The London-based photographers David Grandorge and Jonathan Lovekin set out for Lithuania, Estonia and Latvia to research a region – the Baltics – that since the political upheavals of 1989 has undergone far-reaching transformations during which the region gained renewed significance and new cultural allies. Their photographs document a critical understanding of material processes and fossils, derived from a complex dynamic infrastructure of industries, transport logics, urban waste and demand. The Baltics are historically shaped by a multiplicity of actors and a plurality of spaces that do not necessarily overlap. Researching and identifying their boundaries and meanings requires exploratory methods and alertness to almost imperceptible symptoms. Buildings decorated with propaganda paraphernalia, housing estates with prefabricated panels typical of 1970s and 1980s planning in socialist countries, factories, industrial sites and sublime scenes of enormous man-made mountains where excavated materials are piled up – for Grandorge and Lovekin these do not represent the sites of past infrastructures unplugged from power. They are not taking us back into the future of the past, into a nostalgic – that is, wrongly remembered – utopia. Rather, the cables and wires of the objects and infrastructures in their photographs are alive – still hot, still connected to the power circle, and still longing to be reinstated. Their gloomy vampirism only seems to hide the autism of animated matter.


Eglė Rindzevičiūtė (Kingston University, London) holds a PhD in Culture Studies from Linköping University, Sweden, and is a Senior Lecturer in Sociology at Kingston University London, UK. Dr Rindzevičiūtė joined Kingston University from the Paris Institute of Political Studies (Sciences Po) in 2015 and for 2016–2019 she is a Visiting Research Fellow at the School of Public Administration, Gothenburg University, Sweden. Dr Rindzevičiūtė has published widely on Soviet governance, scientific expertise and cultural policy in journals such as Slavic Review, Cahiers du monde Russe, Current Anthropology and The International Journal of Cultural Policy. She is the author of Constructing Soviet Cultural Policy: Cybernetics and Governance in Lithuania after World War II (Linköping University Press, 2008); The Power of Systems: How Policy Sciences Opened Up the Cold War World (Cornell University Press, 2016); and the editor of The Struggle for the Long Term in Transnational Science and Politics: Forging the Future (Routledge, 2015) (co-edited with Dr Jenny Andersson).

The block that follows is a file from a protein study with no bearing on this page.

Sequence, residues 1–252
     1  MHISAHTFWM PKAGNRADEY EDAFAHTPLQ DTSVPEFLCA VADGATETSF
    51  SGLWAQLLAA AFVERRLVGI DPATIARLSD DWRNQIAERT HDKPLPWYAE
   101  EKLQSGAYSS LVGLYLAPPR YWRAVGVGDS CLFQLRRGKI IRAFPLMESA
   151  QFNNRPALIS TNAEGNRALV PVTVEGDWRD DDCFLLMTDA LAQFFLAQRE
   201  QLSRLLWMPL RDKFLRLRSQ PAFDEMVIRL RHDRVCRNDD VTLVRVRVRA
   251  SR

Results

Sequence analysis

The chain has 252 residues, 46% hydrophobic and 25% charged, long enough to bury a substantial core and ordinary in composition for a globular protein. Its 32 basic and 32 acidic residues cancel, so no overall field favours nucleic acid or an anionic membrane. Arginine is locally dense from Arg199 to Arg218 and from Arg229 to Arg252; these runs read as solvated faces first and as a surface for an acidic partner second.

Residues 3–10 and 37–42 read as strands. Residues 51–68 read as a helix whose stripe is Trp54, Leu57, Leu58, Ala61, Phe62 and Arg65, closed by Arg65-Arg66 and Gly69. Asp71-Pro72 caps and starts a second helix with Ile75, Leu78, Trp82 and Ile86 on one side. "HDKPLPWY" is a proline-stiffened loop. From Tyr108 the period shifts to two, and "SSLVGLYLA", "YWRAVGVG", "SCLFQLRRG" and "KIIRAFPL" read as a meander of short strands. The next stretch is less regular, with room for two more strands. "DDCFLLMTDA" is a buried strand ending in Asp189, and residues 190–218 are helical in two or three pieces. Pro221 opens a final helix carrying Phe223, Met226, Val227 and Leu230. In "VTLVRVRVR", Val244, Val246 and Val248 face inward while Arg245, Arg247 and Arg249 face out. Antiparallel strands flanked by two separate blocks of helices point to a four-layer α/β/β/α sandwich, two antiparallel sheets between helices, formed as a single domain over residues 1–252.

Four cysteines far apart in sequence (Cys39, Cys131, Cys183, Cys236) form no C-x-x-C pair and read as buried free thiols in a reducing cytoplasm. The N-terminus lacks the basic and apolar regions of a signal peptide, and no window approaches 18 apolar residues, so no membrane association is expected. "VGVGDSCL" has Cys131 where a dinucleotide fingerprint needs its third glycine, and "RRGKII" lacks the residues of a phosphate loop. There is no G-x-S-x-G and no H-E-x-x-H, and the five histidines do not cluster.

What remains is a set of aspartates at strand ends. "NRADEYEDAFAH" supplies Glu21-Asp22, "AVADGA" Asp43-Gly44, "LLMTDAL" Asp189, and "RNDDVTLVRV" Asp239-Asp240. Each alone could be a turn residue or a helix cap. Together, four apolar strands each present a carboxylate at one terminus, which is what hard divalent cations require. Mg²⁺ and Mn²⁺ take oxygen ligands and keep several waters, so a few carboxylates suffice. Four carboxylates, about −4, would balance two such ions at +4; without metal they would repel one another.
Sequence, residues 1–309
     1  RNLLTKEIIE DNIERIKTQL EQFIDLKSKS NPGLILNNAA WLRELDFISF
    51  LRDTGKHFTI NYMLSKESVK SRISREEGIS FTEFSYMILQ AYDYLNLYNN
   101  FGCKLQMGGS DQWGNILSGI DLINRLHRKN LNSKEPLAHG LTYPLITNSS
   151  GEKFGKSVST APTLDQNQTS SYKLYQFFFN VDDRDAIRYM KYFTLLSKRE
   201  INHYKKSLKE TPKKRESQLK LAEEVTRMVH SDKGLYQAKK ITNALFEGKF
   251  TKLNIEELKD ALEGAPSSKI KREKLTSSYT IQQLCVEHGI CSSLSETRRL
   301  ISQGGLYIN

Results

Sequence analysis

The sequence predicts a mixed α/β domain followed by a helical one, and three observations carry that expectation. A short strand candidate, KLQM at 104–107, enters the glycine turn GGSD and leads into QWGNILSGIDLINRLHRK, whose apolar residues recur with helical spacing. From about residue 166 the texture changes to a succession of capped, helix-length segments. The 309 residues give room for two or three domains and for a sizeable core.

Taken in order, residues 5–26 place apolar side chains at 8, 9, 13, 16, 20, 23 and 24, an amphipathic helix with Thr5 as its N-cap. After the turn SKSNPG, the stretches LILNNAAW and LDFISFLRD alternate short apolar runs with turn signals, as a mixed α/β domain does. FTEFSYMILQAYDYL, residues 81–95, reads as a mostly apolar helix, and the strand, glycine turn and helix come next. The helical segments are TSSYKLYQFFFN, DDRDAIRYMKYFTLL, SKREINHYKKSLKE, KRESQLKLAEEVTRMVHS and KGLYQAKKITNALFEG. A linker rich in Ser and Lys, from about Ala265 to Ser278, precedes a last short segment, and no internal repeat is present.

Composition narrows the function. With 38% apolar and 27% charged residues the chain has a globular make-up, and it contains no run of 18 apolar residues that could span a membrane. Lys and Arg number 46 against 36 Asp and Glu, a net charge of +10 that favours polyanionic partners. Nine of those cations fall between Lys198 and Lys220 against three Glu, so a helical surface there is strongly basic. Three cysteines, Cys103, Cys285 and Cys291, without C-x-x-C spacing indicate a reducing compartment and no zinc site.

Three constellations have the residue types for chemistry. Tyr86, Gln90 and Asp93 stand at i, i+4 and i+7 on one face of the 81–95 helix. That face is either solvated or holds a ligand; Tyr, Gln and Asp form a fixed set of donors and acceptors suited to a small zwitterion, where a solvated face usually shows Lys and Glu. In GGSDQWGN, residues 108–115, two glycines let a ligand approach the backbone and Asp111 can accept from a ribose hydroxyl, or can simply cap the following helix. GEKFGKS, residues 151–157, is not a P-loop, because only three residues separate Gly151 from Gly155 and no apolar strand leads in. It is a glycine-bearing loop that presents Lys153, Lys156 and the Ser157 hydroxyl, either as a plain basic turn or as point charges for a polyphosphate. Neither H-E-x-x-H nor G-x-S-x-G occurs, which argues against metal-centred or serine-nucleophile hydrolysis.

SUMMARY:The Futures of Infrastructure as a Powered Affair
The futures of infrastructure can be understood as a powered affair, where power is fundamentally dispersed, plural and where no single actor has an upper hand. This does not make infrastructure futures more or less democratic – it is a different kind of politics, one that demands for the abolishment of a human-centred view as well as the rejection of the notions of causality and linear control. This paper discerns and critically examines continuities and disruptions in what can be described as the futurity of infrastructures in the Baltic states. During the last two centuries (at least), societies of the three Baltic states experienced a series of radical political and social changes as these societies were transformed from colonial hinterlands to modern nation states to become socialist republics which then turned to liberal democracy. However, a closer look at the development of Baltic infrastructure tells no less dramatic a story, where functional systems of logistics, energy, information and biosphere itself were assembled and disassembled differently by different governmental regimes, all of these assemblages leaving a scarred social tissue behind. Infrastructures are about the future: they can be understood as a claim on what the future might hold, the claim which unfolds its meaning and materiality only incrementally, draining the presence of some options, while paving firm pathways for others.